Tom Morris on Hercules

I was recently in Chicago to attend Handel’s Hercules in a performance at Chicago’s Lyric Opera staged by Peter Sellars. It was amazing. Sellars has a thing about Handel, having staged many of his oratorios and operas including a legendary Theodora at Glyndebourne over ten years ago. I remember the first production I ever saw of his was Handel’s Orlando, produced by Boston’s American Repertory Theater in 1980. Here was an unknown work by a major composer produced not by an opera but by a theater company, staged by as yet an unknown director who had made his name in Boston by staging Wagner’s Ring with puppets and Antony and Cleopatra in the Harvard University swimming pool. Peter set Orlando in the present at the Cape Canaveral in Florida.  It was produced uncut (almost 4 hours long) and played in a theater at MIT. Most extraordinarily it ran for almost 40 performances in repertory and was totally sold out. It was a revelation.

Hercules likewise was long – three and half hours. It involves five singers, a chorus and orchestra. The performance was conducted by English early music specialist Harry Bickett, who has family ties to Ojai and conducted at the Festival in the 1990’s. Sellars made the production into a contemplation about the horrors of war, and the destruction war causes not only where it is fought but back home. What is the price of war in terms of the human uncertainty and suffering at home? How does war change soldiers to such an extent they are not prepared for the return home?  The Lyric Opera created public discussions of these issues around the performances with community outreach events, and by inviting veterans groups to the performances.

 The production was amazing. The cast was uniformly terrific but be on the lookout for a sensational young soprano, Lucy Crowe. She brought down the house every night. Also soprano Alice Coote.

 The production laid the groundwork in Sellars’ mind for his upcoming production of George Crumb’s The Winds of Destiny at Ojai this June. Again. Peter will use the production to address the problems of returning vets and make it a parable for our time. Raising questions and stimulating thoughtful debate are what Peter Sellars has devoted his career to, and Ojai will to the beneficiary in June of his latest creativity. 

– Tom Morris

Maria Schneider and Dawn Upshaw at Carnegie in May

Maria Schneider’s music has been hailed by critics as “evocative, majestic, magical, heart-stoppingly gorgeous, and beyond categorization.” For the past 20 years Schneider has written primarily for her own jazz orchestra, yet during those years she was pushing boundaries, augmenting the standard 17-piece band with an accordion here, or flamenco cajon there, mixing in Brazilian rhythms and birdcalls with her Midwest sensibilities. In recent years she has definitively embraced more classical forms and orchestras, blending unique sounds in her own recordings that include commissions from Peter Sellars and Vienna’s Mozart Festival, the Los Angeles Philharmonic Association and the American Dance Festival.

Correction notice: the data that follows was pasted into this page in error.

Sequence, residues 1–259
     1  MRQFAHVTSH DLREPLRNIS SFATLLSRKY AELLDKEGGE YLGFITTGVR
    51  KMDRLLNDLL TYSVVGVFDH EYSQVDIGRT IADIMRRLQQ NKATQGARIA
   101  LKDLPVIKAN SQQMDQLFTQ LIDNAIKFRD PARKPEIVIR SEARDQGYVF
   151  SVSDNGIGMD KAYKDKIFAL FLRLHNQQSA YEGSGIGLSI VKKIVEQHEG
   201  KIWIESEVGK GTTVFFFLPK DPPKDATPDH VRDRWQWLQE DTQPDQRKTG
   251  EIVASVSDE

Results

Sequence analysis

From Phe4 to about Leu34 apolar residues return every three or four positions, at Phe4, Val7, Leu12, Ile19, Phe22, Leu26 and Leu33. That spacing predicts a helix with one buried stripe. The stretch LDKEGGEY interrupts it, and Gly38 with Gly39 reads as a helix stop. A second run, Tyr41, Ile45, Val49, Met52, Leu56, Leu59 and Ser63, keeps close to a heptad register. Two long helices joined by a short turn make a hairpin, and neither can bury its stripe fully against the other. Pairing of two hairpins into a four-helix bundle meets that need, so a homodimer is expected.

Now Carnegie Hall will host the New York premiere of “Carlos Drummond de Andrade Stories” with Maria conducting Dawn Upshaw and the Saint Paul Chamber Orchestra on May 13, 2011.  It was three years ago that Upshaw, then artistic partner with the Saint Paul Chamber Orchestra, first brought forth the idea to have the orchestra commission Maria to write a work for voice and orchestra.  Maria chose poetry by Brazilian poet, Carlos Drummond de Andrade Carlos, with English translations by Pulitzer prize-winning poet, Mark Strand.

The world premiere took place in October 2008 at the Ordway Theater in Saint Paul and was very well received.  William Randall Beard of the Minneapolis Star Tribune wrote this about Maria’s first foray into conducting and writing for voice accompanied by a full orchestra:

“Schneider, well known as a jazz arranger and bandleader, proved to be a compelling musical storyteller at home in the orchestral idiom. … She wisely chose to set the poems of Brazilian poet Carlos Drummond de Andrade. They were rich in imagery and emotion, but spare enough to be enhanced by music. Whether depicting loss (in ’The Dead in Frock Coats‘) or bucolic nostalgia (in ’Souvenir of the Ancient World‘) she employed a panoply of styles, from jazz and pop to traditional art song and Brazilian flavors, to bring the words to life.”

When pressed to define her music as jazz or classical, Maria says that while the improvisational aspects of her work come from jazz, her formal development comes more from the classical world. “I’m often trying to evoke images and take the listener on a trip.  Basically, I would say this: I’m a storyteller—in life that’s true, and in music too.  I grew up playing and studying music of many different kinds simultaneously, and I can’t find a line that delineates jazz or classical parts of my expression.  To me it’s all simply music.”

How sweet is this photo?